Pakistani President Asif Ali Zardari has announced political and judicial reforms in the northwestern tribal region during a special function on the eve of Pakistan's 63rd Independence Day.
"...I am announcing the permission of political activities in the FATA to bring them into the main political stream," he said while addressing the nation during a special programme organised Thursday night, the official APP news agency reported.
"The government has fulfilled its promise and now people in FATA (Federally Administered Tribal Areas) can have an identity as they will participate in political activities and exercise their right to vote," the president said.
Prime Minister Syed Yousuf Raza Gilani, Senate Chairman Farooq Naek and National Assembly Speaker Fehmida Mirza were among the dignitaries present at the function.
President's spokesperson Farhatullah Babar said that the package of political reforms for FATA had been approved a day earlier in a meeting that was also attended by the prime minister, the Dawn reported.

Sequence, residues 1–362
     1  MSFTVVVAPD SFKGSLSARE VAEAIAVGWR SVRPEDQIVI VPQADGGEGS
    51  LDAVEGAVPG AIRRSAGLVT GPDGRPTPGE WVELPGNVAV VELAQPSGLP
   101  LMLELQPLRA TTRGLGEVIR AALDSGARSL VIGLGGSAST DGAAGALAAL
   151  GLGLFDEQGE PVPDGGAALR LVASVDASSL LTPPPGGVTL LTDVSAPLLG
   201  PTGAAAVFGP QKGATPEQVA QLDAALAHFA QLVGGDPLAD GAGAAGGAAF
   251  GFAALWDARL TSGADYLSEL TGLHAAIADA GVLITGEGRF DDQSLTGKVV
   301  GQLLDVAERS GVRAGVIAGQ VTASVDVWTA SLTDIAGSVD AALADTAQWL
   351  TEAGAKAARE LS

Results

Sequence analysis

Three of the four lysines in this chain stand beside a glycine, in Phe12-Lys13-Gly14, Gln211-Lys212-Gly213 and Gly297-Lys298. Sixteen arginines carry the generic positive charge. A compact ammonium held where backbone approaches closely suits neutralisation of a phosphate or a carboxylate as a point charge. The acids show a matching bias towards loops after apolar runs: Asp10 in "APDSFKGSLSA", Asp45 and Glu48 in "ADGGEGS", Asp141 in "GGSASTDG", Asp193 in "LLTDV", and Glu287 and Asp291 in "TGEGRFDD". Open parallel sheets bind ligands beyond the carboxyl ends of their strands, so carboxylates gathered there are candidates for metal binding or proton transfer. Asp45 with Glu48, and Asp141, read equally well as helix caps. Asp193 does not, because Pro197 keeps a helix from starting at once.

Babar said the reforms envisaged extension of the Political Parties Order of 2002 to the tribal areas and changes in the century-old Frontier Crimes Regulation (FCR) to make it responsive to human rights.
After amendments to the law approved Wednesday, the powers of arbitrary arrest and detention without the right to bail had been curtailed, he said.
"The FCR was a draconian law under which there was no provision of appeal, wakeel or daleel (lawyer or reasoning) against the orders of the executive," the spokesman said.
Under the FCR, Babar said, the tribals were subject to the whims of officials as people were arrested and kept in jail for years without trial and the jail term could be extended indefinitely.
The administration will have no arbitrary power of arrest as checks have been placed on them. The accused shall be brought before the authority concerned within 24 hours of arrest. They will have the right to bail, the spokesperson said.
Zardari expressed satisfaction over the return of millions of people who had fled their homes in Swat and Malakand during the month-long military offensive against the Taliban in the region.
"But a bigger challenge awaits us. In the long run we must defeat the militant mindset to defend our country, our democracy, our institutions and our way of life," he said.
"It is a mindset that poses the greatest threat to the security and stability of the country that was founded on this day... Let us therefore resolve to defeat this pernicious mindset that has promoted suicide bombings, beheading innocent people, torturing women and forcibly closing academies of learning," Zardari added.